The person for whose benefit the confidence is accepted is called the “beneficiary”.

According to section 9 of the Indian Trust Act, 1882, Every person capable of holding property may be a beneficiary. Further, a proposed beneficiary may renounce his interest under the trust by disclaimer addressed to the trustee, or by setting up, with notice of the trust, a claim inconsistent therewith.

A settlor can also be a beneficiary but he cannot be the sole beneficiary. Further, a trustee can also be a beneficiary1, but the same should be expressed clearly.2

2.4. Beneficial interest

The “beneficial interest” or “interest” of the beneficiary is his right against the trustee as owner of the trust property.

Where a beneficiary has absolute beneficiary interest, he can transfer the rights, title and interest to anyone else.3

2.5. Instrument of trust

The instrument, if any, by which the trust is declared is called the “instrument of trust”.

The Original Trust deed executed by an individual and registered is not a public record of a private document and hence a certified copy of the same cannot be admissible as evidence under section 76 of the Indian Evidence Act, 1872.4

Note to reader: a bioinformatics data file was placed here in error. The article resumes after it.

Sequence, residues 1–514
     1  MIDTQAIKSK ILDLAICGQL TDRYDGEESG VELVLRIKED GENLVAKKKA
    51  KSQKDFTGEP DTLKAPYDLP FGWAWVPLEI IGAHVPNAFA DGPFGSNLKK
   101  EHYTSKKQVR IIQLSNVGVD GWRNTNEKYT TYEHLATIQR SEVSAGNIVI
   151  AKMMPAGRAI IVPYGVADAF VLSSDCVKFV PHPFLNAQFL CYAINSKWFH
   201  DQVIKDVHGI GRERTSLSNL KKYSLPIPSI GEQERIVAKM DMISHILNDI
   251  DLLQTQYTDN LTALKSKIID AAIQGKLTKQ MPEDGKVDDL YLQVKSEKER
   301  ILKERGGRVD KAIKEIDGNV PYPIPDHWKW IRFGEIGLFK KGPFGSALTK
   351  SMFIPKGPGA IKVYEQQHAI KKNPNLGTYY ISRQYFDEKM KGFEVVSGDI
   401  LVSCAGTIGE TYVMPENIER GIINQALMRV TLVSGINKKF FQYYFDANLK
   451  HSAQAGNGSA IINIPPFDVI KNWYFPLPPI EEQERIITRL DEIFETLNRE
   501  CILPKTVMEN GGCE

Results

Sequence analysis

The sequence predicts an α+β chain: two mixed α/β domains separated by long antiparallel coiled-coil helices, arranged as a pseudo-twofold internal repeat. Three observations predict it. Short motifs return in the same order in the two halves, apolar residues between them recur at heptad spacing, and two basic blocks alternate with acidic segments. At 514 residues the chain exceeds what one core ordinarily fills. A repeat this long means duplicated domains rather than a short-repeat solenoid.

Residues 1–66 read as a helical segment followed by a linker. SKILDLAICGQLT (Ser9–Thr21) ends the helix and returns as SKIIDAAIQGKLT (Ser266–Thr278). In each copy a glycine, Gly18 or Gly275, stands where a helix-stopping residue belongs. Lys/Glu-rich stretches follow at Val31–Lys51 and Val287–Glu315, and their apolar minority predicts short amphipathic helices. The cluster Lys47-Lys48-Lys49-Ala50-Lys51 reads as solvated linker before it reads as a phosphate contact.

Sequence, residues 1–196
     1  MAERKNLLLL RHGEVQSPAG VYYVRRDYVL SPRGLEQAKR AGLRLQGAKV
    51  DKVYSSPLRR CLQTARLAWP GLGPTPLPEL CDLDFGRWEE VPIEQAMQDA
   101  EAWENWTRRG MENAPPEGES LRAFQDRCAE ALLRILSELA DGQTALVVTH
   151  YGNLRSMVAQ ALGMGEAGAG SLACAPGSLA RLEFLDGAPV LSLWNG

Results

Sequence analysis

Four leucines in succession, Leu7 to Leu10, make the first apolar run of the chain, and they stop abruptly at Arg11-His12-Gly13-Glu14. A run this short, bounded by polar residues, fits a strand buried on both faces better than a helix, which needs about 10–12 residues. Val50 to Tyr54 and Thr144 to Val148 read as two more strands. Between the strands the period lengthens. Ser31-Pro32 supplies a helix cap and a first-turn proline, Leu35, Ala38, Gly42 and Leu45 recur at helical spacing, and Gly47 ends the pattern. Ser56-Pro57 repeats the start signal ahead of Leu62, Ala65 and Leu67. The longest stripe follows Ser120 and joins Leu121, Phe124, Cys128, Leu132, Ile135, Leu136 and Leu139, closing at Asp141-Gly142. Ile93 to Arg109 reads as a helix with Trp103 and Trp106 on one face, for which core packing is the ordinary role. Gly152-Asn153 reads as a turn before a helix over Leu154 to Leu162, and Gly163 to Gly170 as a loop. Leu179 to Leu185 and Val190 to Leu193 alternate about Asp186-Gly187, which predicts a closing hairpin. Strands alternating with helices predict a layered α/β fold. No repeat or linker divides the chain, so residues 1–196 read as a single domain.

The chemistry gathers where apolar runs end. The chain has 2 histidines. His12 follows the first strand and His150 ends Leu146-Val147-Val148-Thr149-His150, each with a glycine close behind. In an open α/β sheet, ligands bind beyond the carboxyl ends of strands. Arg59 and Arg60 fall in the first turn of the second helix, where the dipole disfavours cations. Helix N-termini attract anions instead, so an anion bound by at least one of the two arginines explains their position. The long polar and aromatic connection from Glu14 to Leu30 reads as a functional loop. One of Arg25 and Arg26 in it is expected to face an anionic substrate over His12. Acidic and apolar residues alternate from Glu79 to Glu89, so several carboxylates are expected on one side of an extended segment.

2.6. Settlor

The term “settlor” is not defined in the Indian Trust Act, 1882. The “author of the trust” is the settlor of the Trust. The Settlor should de jure transfer ownership of the assets to the trustee of the Trust.

2.7. Trustee

The person who accepts the confidence is called the “trustee”.

According to section 10 of the Indian Trust Act, 1882, Every person capable of holding property may be a trustee; but, where the trust involves the exercise of discretion, he cannot execute it unless he is competent to contract.

No individual is bound to accept a trust. A trust is accepted by any words or acts of the trustee indicating with reasonable certainty such acceptance. Instead of accepting a trust, the intended trustee may, within a reasonable period, disclaim it, and such disclaimer shall prevent the trust-property from vesting in him. A disclaimer by one of two or more co-trustees vests the trust-property in the other or others, and makes him or them the sole trustee or trustees from the date of the creation of the trust.